Arguably the Yorkie's most stunning feature is its coat. Simon & Schuster's Guide to Dogs (1980) describes the coat as being "composed of straight, long, shiny, silky hair that is steel blue with golden areas on the head, chest, and limbs." (While many humans pay top dollar for highlights like that, the Yorkie's golden markings were supposedly developed so it could be easily seen in the darkness of the mines.) It's likely your puppy will be born black, but within a year he will develop the standard coat. Typically, the hair on the head is so long that it must be tied with a bow in the centre or parted in the middle and tied on the sides. While this is aesthetically pleasing from an adorability factor, more importantly it allows the dog to see better. (However, this doesn't negate the fact that today's tiny, bow-clad Yorkie would likely be laughed out of any working coal mine.)

Many people think the chic coats donned by our Yorkies are merely hip accessories. While partially correct, it's also true our tiny friends suffer tremendously from the cold. As such, sweaters are one-part luxury, two-parts necessity.

From working-class stiff to designer-clad lap ornament, the only rodent these dynamos are likely to get close to today is the mouse their urban owners double-click.

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Comments (8)

We had Yorkies in our lives for 20 years and currently have four. We're very faithful to the breed and wouldn't get anything else. I have noticed that the females love you but the boys are IN love with you. We adore their spunky personalities and always enjoy their antics. Yorkies are so very intelligent especially considering the size of their brain ! Master manipulators! They are great little dogs that make wonderful companions. This was a great article about them.
Mon, 11/26/2012 - 16:26
I love my yorkie so much. He provides us with companionship, especially for dad and I. Dad and I are both loners for the most part. I have very few friends and like to keep it that way most of the time. Bentley (our Yorkie) will be 5 years old this April 1 and he is the sweetest, cutest, loveable dog I've ever come across. The thing that isn't typical about him is his personality. He rarely shows any interest in other dogs, in fact he's quite afraid of them, even the little ones. I find that sad. He isn't very playful anymore as he's gotten older he's lost that zip. And he never learned how to fetch properly. It's annoying but kinda cute. I'll throw his toy and half the time he goes after it, the other half he just stares at me. When he does go to get it he never brings it back. He's very selective about when to listen to commands other than 'stay' which he is very good at. "Come" is practically non-existent. He just doesn't care much of the time I guess. But he's a great dog, I will be forever heartbroken when he passes away.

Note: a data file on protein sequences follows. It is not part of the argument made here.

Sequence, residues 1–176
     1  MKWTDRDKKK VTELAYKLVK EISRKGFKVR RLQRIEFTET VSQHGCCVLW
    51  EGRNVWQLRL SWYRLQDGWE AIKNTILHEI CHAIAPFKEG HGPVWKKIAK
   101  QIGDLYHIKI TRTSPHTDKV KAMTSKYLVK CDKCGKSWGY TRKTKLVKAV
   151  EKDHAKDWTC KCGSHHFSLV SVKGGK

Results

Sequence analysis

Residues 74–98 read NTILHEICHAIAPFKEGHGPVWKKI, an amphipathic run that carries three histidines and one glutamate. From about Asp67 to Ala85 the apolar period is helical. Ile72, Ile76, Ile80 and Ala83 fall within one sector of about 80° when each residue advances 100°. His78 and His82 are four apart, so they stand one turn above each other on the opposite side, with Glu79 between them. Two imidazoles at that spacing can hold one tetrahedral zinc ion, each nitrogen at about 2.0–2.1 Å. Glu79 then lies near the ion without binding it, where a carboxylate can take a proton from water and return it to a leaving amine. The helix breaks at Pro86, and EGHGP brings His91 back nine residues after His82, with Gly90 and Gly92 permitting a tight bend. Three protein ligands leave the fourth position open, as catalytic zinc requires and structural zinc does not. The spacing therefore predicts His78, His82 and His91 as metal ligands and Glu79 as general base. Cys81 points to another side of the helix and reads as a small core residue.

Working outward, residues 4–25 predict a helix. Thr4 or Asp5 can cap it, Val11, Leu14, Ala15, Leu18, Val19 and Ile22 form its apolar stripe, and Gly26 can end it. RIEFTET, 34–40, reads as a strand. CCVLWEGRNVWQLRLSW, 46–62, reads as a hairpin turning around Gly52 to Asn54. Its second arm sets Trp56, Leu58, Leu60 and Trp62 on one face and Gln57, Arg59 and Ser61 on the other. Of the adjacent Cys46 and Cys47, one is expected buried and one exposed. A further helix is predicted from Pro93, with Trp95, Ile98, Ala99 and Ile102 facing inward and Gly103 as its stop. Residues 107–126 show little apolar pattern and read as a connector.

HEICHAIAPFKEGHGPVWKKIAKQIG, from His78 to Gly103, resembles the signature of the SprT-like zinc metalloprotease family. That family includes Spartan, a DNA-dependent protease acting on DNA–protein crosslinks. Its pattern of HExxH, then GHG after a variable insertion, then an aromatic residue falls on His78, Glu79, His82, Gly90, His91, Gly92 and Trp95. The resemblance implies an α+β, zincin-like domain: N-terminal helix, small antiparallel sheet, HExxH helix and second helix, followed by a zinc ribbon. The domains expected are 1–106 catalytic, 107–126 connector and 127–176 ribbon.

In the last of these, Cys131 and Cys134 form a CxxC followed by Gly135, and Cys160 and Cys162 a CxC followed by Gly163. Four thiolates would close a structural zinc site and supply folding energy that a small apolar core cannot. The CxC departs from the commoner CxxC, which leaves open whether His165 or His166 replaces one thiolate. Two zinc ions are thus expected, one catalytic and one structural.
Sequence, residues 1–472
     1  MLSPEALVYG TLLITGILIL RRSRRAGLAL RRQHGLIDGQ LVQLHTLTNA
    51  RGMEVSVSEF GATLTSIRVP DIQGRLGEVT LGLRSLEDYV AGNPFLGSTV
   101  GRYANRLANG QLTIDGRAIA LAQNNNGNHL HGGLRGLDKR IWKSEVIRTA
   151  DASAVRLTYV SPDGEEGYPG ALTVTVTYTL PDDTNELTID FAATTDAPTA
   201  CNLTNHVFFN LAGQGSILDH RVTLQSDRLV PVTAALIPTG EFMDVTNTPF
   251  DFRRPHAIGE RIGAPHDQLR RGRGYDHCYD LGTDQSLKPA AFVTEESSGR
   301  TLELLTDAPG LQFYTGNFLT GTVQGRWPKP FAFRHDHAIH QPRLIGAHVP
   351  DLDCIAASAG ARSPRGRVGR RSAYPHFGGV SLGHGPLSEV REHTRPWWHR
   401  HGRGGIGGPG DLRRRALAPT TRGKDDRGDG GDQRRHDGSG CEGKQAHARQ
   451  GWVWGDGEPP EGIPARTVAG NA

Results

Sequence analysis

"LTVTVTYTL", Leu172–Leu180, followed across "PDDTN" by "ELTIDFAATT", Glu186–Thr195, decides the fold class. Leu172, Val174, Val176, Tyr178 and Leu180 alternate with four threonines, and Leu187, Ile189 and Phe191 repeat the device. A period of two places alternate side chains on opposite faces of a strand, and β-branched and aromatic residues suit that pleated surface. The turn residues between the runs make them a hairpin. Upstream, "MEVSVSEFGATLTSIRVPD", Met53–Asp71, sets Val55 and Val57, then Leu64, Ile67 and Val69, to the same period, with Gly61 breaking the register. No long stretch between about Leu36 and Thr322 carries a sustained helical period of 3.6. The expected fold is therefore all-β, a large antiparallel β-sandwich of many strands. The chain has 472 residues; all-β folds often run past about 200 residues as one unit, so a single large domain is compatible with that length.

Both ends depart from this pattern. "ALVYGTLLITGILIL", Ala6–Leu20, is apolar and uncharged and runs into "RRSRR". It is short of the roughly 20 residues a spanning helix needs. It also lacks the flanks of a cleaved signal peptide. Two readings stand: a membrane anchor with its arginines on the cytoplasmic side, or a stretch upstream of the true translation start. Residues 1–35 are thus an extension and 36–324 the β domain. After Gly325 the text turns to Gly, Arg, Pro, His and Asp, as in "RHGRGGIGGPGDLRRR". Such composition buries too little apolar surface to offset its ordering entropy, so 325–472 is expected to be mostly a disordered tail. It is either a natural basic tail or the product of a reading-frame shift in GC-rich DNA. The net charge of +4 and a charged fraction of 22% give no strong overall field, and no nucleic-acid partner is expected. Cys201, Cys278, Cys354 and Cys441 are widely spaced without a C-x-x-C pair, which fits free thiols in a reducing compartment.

Sun, 01/13/2013 - 17:36
I'll be smiling all day. I once had a goat. His name was Gordy and his job was to keep my irnejud horse company. They were the best of friends until my horse recovered and was let back out to pasture with his other horse friends, at which point, he dropped Gordy like a ton of bricks. The poor goat wandered the farm aimlessly, pooping and consuming everything in sight boots, horse feed, riding gloves, tin cans, small children you name it, that goat ate it! I once watched him guzzle down tractor fluid like it was a chocolate milkshake. People began to complain and sadly, Gordy was asked to leave. The owner of the farm took him to a petting zoo in upstate New York or that's what he told me.
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Tue, 10/09/2018 - 08:13
I have 2 Yorkies, a 5lb and a 11lb. Didnt know the bigger one would be so big when I got her as pup, but I LOVE the bigger size. Substantial and she'll walk for 4-5 miles in cool weather without a problem. My little one has medical issues all her life, but is happy as clam. She's content with a casual stroll every day. And I dare any squirrel to pass our way! ha! Great great dogs. Smart, strong, quick, and tough as nails for such a small package...and manipulative of course.
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Wed, 07/04/2018 - 00:17